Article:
Ricardo Flores Magón Popular Indigenous Council: An organization that resists and fights
Nayelli Reyes (Triqui)
People volunteer. There is no isolated negotiation, and everyone collaborates. There is creativity and freedom of association. There are training workshops on public communication and radio. Events to go all over different communities happen. These are the principles of the Ricardo Flores Magón Popular Indigenous Council, known by its initials in Spanish: CIPO-RFM.
CIPO-RFM is a Mexican organization that started in 1997 with the union of three organizations: the Committee of Defense of the Rights of the People (CODEP), the Indian Organization for Human Rights in Oaxaca (OIDHO), and the Union of Indigenous Communities in the Northern Zone of the Isthmus (UCIZONI). Its name honors the Mexican anarchist from the early twentieth century, Ricardo Flores Magón, born on September 16, 1873, in San Antonio Eloxochitlán, Oaxaca, and died in prison in Leavenworth, Kansas, in 1922. He was an important political figure who opposed Porfirio Díaz and signed the Liberal Plan in 1906.
Flores Magón is considered one of the precursors of the Revolution. He, along with his brother, published the newspaper Regeneración. Magón had the opportunity to live alongside the Mazatec people. His thoughts inspired the organization, holding anarchist ideals and solidarity, driving social change, and restructuring universal brotherhood.
Those who approach the organization learn about its work and the steps to becoming a member at CIPO-RFM. Members at the organization share the collective work in Oaxaca, where members meet with grassroots organizations to protest. These organizations oversee government progress related to demands and protests in Oaxaca.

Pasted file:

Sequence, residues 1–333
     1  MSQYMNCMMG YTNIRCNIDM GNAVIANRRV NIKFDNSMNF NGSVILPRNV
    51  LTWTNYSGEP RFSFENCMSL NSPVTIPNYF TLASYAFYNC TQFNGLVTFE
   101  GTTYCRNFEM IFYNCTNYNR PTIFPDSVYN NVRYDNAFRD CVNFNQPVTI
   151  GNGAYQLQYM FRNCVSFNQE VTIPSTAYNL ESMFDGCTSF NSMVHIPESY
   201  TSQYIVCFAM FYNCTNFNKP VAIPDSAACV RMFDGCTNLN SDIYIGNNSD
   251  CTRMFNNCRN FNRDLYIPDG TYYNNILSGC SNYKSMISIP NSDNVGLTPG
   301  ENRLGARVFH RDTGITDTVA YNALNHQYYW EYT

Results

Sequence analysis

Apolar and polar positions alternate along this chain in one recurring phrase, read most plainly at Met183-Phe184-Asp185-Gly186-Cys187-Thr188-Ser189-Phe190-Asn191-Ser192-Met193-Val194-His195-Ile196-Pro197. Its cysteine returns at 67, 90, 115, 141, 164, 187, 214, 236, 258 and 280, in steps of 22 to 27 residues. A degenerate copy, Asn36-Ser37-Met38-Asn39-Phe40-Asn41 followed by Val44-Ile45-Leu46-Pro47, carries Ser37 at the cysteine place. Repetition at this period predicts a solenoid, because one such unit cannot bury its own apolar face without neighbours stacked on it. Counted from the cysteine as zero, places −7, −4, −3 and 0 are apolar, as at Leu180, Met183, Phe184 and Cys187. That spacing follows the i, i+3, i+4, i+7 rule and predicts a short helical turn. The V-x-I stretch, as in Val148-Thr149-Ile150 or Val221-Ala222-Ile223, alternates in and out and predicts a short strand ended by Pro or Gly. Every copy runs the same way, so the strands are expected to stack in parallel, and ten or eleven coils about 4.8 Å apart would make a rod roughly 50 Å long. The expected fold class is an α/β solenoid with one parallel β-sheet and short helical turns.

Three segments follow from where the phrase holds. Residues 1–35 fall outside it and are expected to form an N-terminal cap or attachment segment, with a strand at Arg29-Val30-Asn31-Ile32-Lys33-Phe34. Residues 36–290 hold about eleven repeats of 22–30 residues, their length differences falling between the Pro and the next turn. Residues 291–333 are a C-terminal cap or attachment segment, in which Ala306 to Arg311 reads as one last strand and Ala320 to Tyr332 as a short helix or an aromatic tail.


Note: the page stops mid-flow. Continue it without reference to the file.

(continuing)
The CIPO-RFM comprises grandparents, children, youth, women, and men of different religions and sexes from Oaxaca’s diverse rural Indigenous communities. The organization’s political tenets include promoting, spreading, and defending human, land, economic, social, political, and cultural rights. One of the ways to fight from within communities is nonviolent action, that is, resistance, based on love and respect. For the organization, everyone’s participation and input are fundamental, and the Assembly reflects them well as it is a space for collective decision-making.
Labor in the communities
When protests are held, such as walk-ins, hunger strikes, demonstrations, and plays, people from the communities of Oaxaca mobilize at gatherings and get themselves organized. The organization aims to bear solidary with its members, affected during the rainy season and climate change.
In the same way, the organization’s women play a fundamental role. For them, confidence, respect, and sisterhood are essential. The women’s workshops in each community focused on rights, community radio, and photography skills. A participant’s age does not matter; different activities are always available, including drawing and painting.
One of the goals that CIPO-RFM has accomplished is the protection of Victoria Cruz Mendoza, achieved by opening a safe house in Oaxaca. Victoria has faced death threats from community authorities and delinquents who have killed her relatives. The organization has also protected Maura Mendoza Acevedo. However, the fight of the compañeras has not been in vain. They have been able to open a school in the community and install a solar panel, among other victories.
The dreams at CIPO-RFM
Despite intense oppression from the authorities, and although its members have been evicted from their lands, the desire to fight and build a better world allows CIPO-RFM to keep chasing its political dreams, including installing a communal radio station. Another dream is to have a comprehensive healthcare system. In pursuit of this, they have held mass protests to demand improvements in both health and education. They also continue to denounce the harassment of its members and demand justice for those who have been killed. “The organization will never be silenced,” says one of its slogans.